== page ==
And I think that again gives us the narrative of who we are in Christ. And that helps. But you're right. I think the churches sometimes shy away from addressing these issues. And not only that, I think the Millennials flee from the church because the church doesn't want to talk about these things. But the keyword for Millennials these days is inclusivity. And so the church has to really address it. I don't know how. We did invite some speakers to come and speak to our youth, and we did explore some of these areas because we just want to show that we don't want to sweep this under the carpet, but we need to discuss it as a community. 

Sarah: That's great, thank you for being a church that is willing to have the conversations. I think one of the ways that there can be further alienation between the generations is when the older generation doesn't want to go there and the younger generation is willing to talk about it. And they view the older generation as... They're not willing to listen to the older generations because they see them as irrelevant, because they're not even willing to process this. 

Whether the younger generation is open to learning from the older generation is still a thing that has not been explored because there hasn't been this helpful communication between the generations. I think sometimes when we're uncomfortable at something, it makes us say things or react in a way that is very cut and dry, because we just want to finish it off. We just want it to be neat and tidy instead of... I guess what I am trying to work towards is to find that balance between "this is completely wrong, this is what the Bible says" and "inclusivity." How do you walk the road that Jesus did? He was with sinners. He sat with them. He welcomed himself into their homes, into their parties. And yet he called out truth and he spoke truth. I'm just glad we have Jesus as our example. I think either end of the pendulum swing can be challenging.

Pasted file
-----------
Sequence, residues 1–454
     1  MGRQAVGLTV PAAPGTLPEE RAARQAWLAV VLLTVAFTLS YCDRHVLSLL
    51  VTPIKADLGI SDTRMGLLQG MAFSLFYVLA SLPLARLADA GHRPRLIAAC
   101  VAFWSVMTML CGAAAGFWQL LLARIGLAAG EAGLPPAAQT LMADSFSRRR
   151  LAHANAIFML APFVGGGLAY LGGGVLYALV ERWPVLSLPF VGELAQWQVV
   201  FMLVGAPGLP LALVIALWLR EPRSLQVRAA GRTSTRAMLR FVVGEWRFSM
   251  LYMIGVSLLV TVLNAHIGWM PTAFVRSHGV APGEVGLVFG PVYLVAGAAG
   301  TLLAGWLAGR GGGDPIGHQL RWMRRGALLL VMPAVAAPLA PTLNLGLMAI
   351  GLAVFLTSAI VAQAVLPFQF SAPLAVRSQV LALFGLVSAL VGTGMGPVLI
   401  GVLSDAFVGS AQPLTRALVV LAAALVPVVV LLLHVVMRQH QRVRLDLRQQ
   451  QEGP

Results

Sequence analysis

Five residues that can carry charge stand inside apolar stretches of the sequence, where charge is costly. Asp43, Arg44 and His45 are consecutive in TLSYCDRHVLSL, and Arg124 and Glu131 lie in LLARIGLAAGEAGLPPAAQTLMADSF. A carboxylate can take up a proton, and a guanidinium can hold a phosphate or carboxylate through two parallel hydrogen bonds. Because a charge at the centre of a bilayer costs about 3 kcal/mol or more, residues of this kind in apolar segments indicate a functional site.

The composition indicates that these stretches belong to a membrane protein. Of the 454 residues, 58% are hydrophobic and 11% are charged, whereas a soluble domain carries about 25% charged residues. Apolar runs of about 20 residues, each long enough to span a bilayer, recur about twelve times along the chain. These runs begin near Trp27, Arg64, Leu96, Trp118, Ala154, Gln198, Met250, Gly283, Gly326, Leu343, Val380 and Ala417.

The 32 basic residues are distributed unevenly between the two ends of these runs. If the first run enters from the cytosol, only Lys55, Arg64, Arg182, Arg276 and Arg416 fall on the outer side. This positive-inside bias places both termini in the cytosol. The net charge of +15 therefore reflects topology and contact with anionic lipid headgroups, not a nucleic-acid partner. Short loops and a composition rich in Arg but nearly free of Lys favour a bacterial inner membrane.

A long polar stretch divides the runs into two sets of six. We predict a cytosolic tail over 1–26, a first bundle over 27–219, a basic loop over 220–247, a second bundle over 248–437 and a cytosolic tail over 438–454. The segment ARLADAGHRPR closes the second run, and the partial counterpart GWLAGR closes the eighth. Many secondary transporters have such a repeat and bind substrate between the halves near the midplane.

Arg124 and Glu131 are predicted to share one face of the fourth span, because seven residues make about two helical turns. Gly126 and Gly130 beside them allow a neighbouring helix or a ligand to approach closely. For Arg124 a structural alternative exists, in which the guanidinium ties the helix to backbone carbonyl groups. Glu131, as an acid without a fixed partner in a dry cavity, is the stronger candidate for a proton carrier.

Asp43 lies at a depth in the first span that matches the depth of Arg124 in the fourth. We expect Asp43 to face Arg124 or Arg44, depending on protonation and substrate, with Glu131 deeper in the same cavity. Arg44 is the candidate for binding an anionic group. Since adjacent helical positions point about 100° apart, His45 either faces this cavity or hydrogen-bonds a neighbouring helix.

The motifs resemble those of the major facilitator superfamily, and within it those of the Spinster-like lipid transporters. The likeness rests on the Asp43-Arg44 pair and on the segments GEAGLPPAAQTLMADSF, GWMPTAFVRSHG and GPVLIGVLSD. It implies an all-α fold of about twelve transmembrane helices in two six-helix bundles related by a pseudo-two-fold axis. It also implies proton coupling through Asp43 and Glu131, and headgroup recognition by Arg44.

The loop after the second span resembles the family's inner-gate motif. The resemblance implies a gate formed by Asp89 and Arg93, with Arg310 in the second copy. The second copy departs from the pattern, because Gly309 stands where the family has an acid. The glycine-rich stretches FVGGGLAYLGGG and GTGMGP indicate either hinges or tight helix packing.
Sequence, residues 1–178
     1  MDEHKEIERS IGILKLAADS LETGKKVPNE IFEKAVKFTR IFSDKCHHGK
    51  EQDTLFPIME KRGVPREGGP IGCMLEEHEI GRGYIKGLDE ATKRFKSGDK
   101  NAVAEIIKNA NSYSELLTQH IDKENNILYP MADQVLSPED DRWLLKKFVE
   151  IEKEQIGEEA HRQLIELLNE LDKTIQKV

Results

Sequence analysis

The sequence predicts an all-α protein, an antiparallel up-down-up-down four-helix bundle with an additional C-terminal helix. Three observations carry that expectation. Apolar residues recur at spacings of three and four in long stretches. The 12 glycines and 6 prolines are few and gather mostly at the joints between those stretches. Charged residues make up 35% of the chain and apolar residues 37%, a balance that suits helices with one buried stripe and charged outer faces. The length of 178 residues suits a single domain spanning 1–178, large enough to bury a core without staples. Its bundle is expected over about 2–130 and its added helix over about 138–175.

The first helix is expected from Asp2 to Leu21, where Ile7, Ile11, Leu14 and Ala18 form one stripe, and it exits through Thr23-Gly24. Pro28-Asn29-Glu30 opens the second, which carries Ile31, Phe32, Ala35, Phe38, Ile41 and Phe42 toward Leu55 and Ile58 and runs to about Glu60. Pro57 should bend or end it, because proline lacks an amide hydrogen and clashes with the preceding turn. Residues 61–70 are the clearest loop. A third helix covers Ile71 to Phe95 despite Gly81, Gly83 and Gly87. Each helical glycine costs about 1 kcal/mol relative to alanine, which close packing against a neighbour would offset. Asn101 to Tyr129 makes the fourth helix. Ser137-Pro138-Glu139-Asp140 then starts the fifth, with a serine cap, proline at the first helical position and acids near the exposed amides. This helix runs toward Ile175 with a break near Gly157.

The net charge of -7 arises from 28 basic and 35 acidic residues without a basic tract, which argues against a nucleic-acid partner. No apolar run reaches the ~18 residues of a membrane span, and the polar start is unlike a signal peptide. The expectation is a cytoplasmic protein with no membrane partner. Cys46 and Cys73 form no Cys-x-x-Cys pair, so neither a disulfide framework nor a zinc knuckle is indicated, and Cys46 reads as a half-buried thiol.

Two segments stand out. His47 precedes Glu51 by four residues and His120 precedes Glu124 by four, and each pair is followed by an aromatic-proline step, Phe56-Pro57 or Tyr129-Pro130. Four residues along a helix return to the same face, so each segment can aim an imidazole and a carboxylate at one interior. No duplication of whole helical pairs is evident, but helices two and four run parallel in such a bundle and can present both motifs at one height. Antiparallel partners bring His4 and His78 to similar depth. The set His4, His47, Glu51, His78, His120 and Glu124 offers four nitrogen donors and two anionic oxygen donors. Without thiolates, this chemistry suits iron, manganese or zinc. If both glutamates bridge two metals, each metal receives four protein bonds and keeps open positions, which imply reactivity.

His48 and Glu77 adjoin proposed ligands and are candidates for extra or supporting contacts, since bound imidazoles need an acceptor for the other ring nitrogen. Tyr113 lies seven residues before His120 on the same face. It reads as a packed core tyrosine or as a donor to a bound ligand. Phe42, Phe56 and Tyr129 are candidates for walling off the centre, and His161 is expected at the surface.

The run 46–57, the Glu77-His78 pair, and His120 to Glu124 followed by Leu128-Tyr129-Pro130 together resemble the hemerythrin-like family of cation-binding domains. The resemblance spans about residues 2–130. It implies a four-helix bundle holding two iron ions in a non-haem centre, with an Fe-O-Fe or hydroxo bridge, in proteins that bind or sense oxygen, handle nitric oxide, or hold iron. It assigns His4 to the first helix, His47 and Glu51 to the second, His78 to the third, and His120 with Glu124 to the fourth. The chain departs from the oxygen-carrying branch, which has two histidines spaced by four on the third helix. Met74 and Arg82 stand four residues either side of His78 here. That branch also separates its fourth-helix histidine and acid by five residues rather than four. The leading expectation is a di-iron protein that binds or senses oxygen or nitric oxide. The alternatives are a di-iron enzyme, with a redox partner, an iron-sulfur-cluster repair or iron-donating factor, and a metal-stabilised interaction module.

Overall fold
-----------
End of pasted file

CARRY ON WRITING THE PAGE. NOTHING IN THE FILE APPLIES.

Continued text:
Meng: I think I'm beginning to see what you're saying, that the church, as a community of people, has to have an “inside” and an “outside.” The only way to be in is to first know that you're out, that you're on the outside. And then you say, I want to be on the inside. I want to be with that community because there's something special about the community. 

The Psalm and the Old Testament is about coming and beholding; to come and see, to come and behold God in this community. To see that this community of redeemed, gospel-centered people are different. They are Jews and the Gentiles together. They eat together, women and children eating together, slaves and slave owners hugging each other, something not seen before in the Old Testament.

But because the grace of God landed there, it became totally different. And it is the same for this community, we're different. And when outsiders look in, they're jealous. They say, “I want to be a part of this community. And I want to come in.” And that happens because we are witnesses, faithful witnesses of Jesus Christ. And so I think that's how we should view the church community.

Topics addressed in A Conversation on Biblical Counseling (Part Two)

1. How can the church discuss difficult questions?
2. How can you be a safe person to someone who is suffering or struggling with sin?
3. Is biblical counseling exclusive?